Twisted Wheel opens for Paul Weller. Discover them, Part one.

This is my very special serie, the bands Paul Weller Rang. Soon, a song by song interview With Connett

First things first...Twisted Wheel are not named after the legendary Northern Soul club of the same name (though they are aware of it), are encyclopedic about their musical heroes and recoil at the thought of being pigeon-holed as a 'northern band'. They are, however, the most exciting young British guitar band to emerge in recent years. Don't take our word for it. With a fan club already including Noel & Liam Gallagher (how often do they agree on anything?), Ian Brown, Kasabian and Paul Weller they've been attracting the attention of the great and the good from their earliest incarnation.

Rewind. As kids growing up in Oldham singer-guitarist Jonny Brown and bassist Rick Lees absorbed the sounds of their mum and dad’s record collection, paying particular heed to the Beatles 'blue' album. By seventeen they'd formed The Children with friends from college. Obsessed with the (Loog Oldham era) Stones and the flamboyant psych-pop of The Small Faces, the band were soon selling out 600 capacity venues and wreaking havoc wherever they went. “Those gigs with The Children were wild” laughs Jonny (Modish good looks; cheekbones to take your eye out). “There would be naked people on stage, the works.” Following a gig at the Night & Day in Manchester the band gave Clint Boon a demo, who in turn passed it on to Paul Weller.
“Paul rang us up and asked if we wanted to record at (the Modfather's own studio) Black Barn” explains Rick (firm handshake; impressive blonde wedge). “Afterwards he asked us to support him at Manchester Academy. That was the biggest thing ever for us. Someone of that stature thinking we had something told us we must be on the right lines. The trouble was, the band was burning itself out”

Recruiting octopus-like drummer Adam Clarke (aka Clarky), the newly formed trio embarked on an intense period of rehearsal. “Straight away the sound was much tighter and more focused” explains Jonny. “I had an acoustic gig booked at The Late Rooms and we turned up as a three piece band and that was it. We were Twisted Wheel.” Intent on circumnavigating the pitfalls of being a My Space 'buzz-band', the band set about doing things the old fashioned way: playing gigs wherever anyone would have them and handing out CDs outside other band's gigs, complete with a sleeve depicting a close up of a Victorian slot machine and the words: “Pay £1 for the Mega Ride” (now changing hands for £40 on eBay). Duly signed to Columbia following keen interest from several labels post an appearance at In The City in October '07, they have toured relentlessly ever since- propping up everyone from Oasis & The View through Kasabian to The Enemy, and will be Special Guest on Paul Weller’s outdoor shows this summer. “Being a support band is great” smiles Jonny. “You get to play to two thousand or more people a night, there's a massive rider in the dressing room and you get to hang out with musicians you respect. What could be better?”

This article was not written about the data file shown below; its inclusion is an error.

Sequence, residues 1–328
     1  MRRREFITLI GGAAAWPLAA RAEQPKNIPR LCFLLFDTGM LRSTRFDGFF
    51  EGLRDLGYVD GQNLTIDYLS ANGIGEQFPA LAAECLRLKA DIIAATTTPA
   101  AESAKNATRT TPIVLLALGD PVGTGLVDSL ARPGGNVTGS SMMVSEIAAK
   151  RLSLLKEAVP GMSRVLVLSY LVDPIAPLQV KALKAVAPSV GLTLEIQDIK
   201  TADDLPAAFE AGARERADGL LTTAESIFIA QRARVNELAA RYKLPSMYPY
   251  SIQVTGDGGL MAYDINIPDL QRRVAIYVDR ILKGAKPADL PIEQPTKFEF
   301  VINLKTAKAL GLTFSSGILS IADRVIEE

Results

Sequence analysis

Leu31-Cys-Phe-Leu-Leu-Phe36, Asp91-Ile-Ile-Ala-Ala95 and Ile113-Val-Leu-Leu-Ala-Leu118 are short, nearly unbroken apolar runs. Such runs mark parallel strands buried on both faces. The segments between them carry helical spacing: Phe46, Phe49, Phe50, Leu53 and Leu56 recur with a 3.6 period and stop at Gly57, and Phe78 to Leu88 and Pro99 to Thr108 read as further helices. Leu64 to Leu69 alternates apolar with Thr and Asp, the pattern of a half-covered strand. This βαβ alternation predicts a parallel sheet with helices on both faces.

Such carpe diem high spirits course through the band's self-titled debut album (released April 13th). Recorded with producer Dave Sardy (Marilyn Manson, Oasis, Cold War Kids) at LA's Sunset Sound studios over a month last summer, it's a raucous celebration of life on the margins. If the musical template is a kaleidoscopic mix ranging from The 13th Floor Elevators via The Buzzcocks to Hank Williams, lyrically it's staffed by a roll call of characters straight from the pen of Ray Davies. Opener 'Lucy The Castle' is a pulverizing blast of energy about a lysergic utopia (Jonny:”It's a metaphor for a special place, where you go in depressed and come out shining”). 'Strife' finds us acquainted with characters ranging from Sheila the Dealer to a rifle toting antiques expert called Henry. A feral 'One Night On The Street', meanwhile, is the sound of SLF after a long, strange night on the tiles in Camden. ”We were out one night at this club and I lost everyone” explains Jonny. “I got talking to this woman who was living on the streets. In the end I stayed out with her until eight o'clock in the morning.”

Those doubting Twisted Wheel's capacity to slow things down, meanwhile, should head to the sublime 'Bouncing Bomb'. An acoustic lament in the spirit of The Jam's 'That's Entertainment' or The Kinks 'Dead End Street' Add in the anthemic 'Let Them Have It All' and it's obvious the next generation of British rock is in safe hands. Tune into these poignant tales of Night Bus traumas and late night epiphanies and you'll tap into a world which is paranoiac and uplifting all at once: call it urban psychedelia if you like. “We're the last people to tell anyone what to do, but I guess we’re the other side of the coin to bands like Glasvegas and White Lies.” says Jonny.

“We know that these days there's a temptation to go out and get drunk and become maudlin. We're saying; let's make the most of it. Don't let the world get on top of you. Get on top of the world.” You heard the man. This wheel's on fire. (Paul Moody March 2009)

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